World Hospice & Palliative Care Day spokeswoman Jo Pratt said the concept for a day dedicated to the hospice movement came from a
desire to 'ensure care for people with a terminal illness is a human right'.
'There are around 100 million people suffering from a terminal illness at any one time,' said Pratt. 'Hospices provide pain relief and counselling for both sufferers and their families, but they also offer practical advice on how people can put their affairs in order before they die.
'In the UK palliative care is part of national healthcare, but that is not the case in the developing world. In India, for example, less than one per cent of the population has access to a hospice. No one should suffer and die without support.'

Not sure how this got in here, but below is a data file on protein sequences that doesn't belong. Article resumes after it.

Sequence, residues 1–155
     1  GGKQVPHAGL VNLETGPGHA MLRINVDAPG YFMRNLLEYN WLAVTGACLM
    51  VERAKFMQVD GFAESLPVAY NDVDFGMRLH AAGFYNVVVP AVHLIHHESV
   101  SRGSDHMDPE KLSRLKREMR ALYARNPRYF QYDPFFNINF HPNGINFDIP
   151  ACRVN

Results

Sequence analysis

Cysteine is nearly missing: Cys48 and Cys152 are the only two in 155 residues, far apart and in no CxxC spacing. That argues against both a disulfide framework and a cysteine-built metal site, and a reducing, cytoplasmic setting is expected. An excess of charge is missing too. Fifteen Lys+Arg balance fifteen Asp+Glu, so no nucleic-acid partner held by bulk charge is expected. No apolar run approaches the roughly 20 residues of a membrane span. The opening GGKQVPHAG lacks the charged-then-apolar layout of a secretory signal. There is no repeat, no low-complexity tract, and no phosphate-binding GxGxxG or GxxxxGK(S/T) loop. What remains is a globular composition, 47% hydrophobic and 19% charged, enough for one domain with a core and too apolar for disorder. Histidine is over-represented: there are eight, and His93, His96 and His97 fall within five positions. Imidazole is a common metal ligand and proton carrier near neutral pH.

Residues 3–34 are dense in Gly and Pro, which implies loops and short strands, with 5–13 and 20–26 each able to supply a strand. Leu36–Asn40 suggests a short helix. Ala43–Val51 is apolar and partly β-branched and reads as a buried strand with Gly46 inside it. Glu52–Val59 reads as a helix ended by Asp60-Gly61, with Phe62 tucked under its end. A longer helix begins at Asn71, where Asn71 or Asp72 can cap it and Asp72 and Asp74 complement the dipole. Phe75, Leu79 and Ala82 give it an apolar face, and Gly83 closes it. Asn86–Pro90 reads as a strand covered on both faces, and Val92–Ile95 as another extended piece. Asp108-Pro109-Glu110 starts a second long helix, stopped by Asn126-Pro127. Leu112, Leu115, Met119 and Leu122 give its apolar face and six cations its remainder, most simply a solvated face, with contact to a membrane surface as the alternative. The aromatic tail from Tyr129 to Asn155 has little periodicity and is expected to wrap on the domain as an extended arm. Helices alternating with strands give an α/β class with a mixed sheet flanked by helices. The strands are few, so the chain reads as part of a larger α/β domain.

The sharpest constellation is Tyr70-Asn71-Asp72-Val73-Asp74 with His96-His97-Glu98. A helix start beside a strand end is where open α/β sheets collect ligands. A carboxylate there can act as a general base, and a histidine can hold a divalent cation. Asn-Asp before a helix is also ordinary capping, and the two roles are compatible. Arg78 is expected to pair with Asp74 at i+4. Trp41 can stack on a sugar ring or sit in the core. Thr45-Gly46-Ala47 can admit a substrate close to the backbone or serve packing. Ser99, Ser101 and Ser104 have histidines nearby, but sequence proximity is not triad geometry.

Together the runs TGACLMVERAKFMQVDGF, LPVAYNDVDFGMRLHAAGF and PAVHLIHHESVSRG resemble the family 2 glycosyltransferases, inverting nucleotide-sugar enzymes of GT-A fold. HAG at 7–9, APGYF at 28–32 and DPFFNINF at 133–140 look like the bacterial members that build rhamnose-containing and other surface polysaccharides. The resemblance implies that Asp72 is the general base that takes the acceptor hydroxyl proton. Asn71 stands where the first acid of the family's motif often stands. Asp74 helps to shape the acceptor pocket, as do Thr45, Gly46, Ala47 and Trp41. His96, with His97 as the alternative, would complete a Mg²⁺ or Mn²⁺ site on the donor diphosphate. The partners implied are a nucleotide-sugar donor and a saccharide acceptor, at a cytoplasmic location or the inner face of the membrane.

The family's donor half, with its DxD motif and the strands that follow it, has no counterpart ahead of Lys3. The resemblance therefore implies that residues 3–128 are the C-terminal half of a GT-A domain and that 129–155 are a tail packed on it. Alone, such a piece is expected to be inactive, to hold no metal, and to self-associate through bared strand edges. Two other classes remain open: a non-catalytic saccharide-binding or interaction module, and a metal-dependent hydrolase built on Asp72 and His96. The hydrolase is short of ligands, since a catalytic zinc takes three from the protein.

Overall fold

The day is being promoted by a massive media campaign. Activity includes Voices for Hospices – billed as the 'world's largest simultaneous singing event'.
Local press are being targeted to cover events in their area, while major hospice organisations will oversee national media campaigns.
An interview with Archbishop Desmond Tutu will air on the BBC World Service, while a report entitled 'Suffering at the End of Life – The State of the World' is set to be released next month at an event at The British Academy in London.